PGA TOURLeaderboardWatch + ListenNewsFedExCupSchedulePlayersStatsGolfbetSignature EventsComcast Business TOUR TOP 10Aon Better DecisionsDP World Tour Eligibility RankingsHow It WorksPGA TOUR TrainingTicketsShopPGA TOURPGA TOUR ChampionsKorn Ferry TourPGA TOUR AmericasLPGA TOURDP World TourPGA TOUR University

Numbers that defined Ben Hogan’s greatness

4 Min Read

Stats Report

Numbers that defined Ben Hogan’s greatness

Will always be associated with Charles Schwab Challenge at Colonial

    Colonial Country Club, the Charles Schwab Challenge, and golf in the state of Texas will always be synonymous with 64-time PGA TOUR winner Ben Hogan.

    Not only does Hogan’s statue greet players and fans by the clubhouse, but he is also the most prolific winner in this tournament’s history, with five victories. Hogan remains the last player to win this tournament in back-to-back years (1952 and 1953), a feat Sam Burns would love to replicate this week.

    More than 25 years after his death in 1997, it’s easy to lose sight of just how staggering Hogan’s achievements were. After surviving a near-fatal car accident in 1949, he assembled one of the greatest major championship runs in the history of the sport. Diving deeper into the numbers only further illuminates his greatness.


    From 1939 through 1956, Hogan never finished worse than 10th at the Masters. That’s 14 consecutive top-10 finishes at Augusta National, with the tournament not being held for three years during that span because of war, and Hogan missing the 1949 major championship season after his car crash.

    This streak is overlooked, especially considering only five players besides Hogan have more than 14 top-10 Masters finishes in their entire careers. What’s more, no player has had a run of 10 or more consecutive top-10s at Augusta since Jack Nicklaus from 1970 through 1979. And Hogan’s 14 straight is twice as long as Tiger Woods’ longest streak of top-10 finishes at the Masters (seven).

    During Hogan’s 14-year run at the Masters he was a combined 24 under par. Among players with at least 20 rounds played in that span, that was 36 strokes better than the nearest competitor (Sam Snead, +12). Hogan bettered the field per round by an average of 3.59 strokes, the only player to distance himself from the field by three or more shots. For his career, he averaged 2.52 Strokes Gained: Total per round at the Masters, the best average all-time for any player with 30 or more rounds of competition.

    As incredible as his run was at Augusta, Hogan may have been even better at the U.S. Open. He finished sixth or better in 12 consecutive U.S. Open starts from 1940 through 1956. During that time span, his scoring average was a full stroke better per round than any other player with 20 or more competitive U.S. Open rounds. Even more impressive was how thoroughly he was beating the field average – by a whopping 4.94 strokes per round, far-and-away the best of any player during that time.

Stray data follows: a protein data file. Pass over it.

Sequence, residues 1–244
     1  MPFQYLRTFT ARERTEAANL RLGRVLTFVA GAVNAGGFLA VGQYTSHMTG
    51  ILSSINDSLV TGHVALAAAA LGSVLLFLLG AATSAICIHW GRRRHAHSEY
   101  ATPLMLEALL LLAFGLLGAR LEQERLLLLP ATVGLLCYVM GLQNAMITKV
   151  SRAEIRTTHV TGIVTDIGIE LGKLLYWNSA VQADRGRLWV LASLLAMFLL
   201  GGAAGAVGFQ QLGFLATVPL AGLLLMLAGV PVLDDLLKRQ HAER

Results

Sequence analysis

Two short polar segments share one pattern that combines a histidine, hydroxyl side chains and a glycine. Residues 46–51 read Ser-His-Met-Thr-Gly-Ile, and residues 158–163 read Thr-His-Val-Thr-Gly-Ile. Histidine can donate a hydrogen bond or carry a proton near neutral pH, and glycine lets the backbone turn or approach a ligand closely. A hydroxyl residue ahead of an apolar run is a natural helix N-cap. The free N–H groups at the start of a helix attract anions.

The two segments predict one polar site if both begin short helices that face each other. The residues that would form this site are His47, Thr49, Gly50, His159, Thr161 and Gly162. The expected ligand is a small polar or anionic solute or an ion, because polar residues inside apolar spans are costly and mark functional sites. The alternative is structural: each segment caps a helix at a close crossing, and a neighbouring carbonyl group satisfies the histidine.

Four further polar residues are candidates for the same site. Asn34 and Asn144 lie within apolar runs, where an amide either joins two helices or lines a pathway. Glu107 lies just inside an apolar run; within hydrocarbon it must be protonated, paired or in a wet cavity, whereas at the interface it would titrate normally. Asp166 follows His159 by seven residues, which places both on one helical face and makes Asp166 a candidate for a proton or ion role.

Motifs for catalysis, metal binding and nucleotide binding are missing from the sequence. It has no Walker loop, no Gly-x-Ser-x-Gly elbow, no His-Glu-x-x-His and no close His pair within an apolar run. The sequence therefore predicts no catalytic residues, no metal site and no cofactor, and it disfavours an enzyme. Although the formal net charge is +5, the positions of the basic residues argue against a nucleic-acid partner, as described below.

Looking at the two American stroke play majors together during that time span paints an even more vivid picture of Hogan’s dominance. At the Masters and U.S. Open from 1939 through 1960, Hogan teed it up 34 times, finishing in the top five in 19 of those events. He averaged 3.71 Strokes Gained: Total per round, six-tenths of a stroke more than any other player during that stretch. In nearly 30 percent of his rounds played, he gained at least five full strokes on the field.

    Ben Hogan at Masters & U.S. Open - 1939-1960
    Scoring average71.921st
    SG: Total per round3.711st
    Rounds in the 60s291st
    Rounds with 5+ SG: Total401st
    Rounds with 7+ SG: Total191st

    Hogan played The Open Championship once – at Carnoustie in 1953. He won by four shots. That season, he played three major championships and won them all. From the 1948 PGA through that win at Carnoustie, Hogan won eight majors in just eleven starts – the only man in history to achieve that feat.


    Hogan won 13 times on the PGA TOUR in 1946 and 10 more in 1948, and remains the only player to post double-digit wins more than once. On two occasions he won five or more consecutive TOUR starts, the only player in history to do that more than once aside from Woods (three times). Hogan won 47 times on the PGA TOUR in his 30s, still the most of any player all-time, and led the PGA TOUR’s season-long money list on five occasions – only Nicklaus (eight) and Woods (10) have done it more times.

    Most Single Season Wins - PGA TOUR History
    1945Byron Nelson18
    1946Ben Hogan13
    1950Sam Snead11
    1948Ben Hogan10
    2004Vijay Singh9
    2000Tiger Woods9
    1933Paul Runyan9

    Nobody besides Hogan has won more than two PGA TOUR titles at Colonial Country Club. Of all the PGA TOUR events on the 2022-23 schedule, Colonial has the longest active streak without a back-to-back winner (Hogan, 70 years ago). The Wyndham Championship has the second-longest drought without a back-to-back champ – Sam Snead was the last to do it in 1955-56.

    Hogan carries an enduring legacy of groundbreaking golf theory, relentless work ethic and arguably the greatest comeback in the history of this sport. His incredible statistics only enhance the Texas legend.

    Privacy PolicyTerms of UseAccessibility StatementDo Not Sell or Share My Personal InformationCookie ChoicesSitemap

    Copyright © 2024 PGA TOUR, Inc. All rights reserved.

    PGA TOUR, PGA TOUR Champions, and the Swinging Golfer design are registered trademarks. The Korn Ferry trademark is also a registered trademark, and is used in the Korn Ferry Tour logo with permission.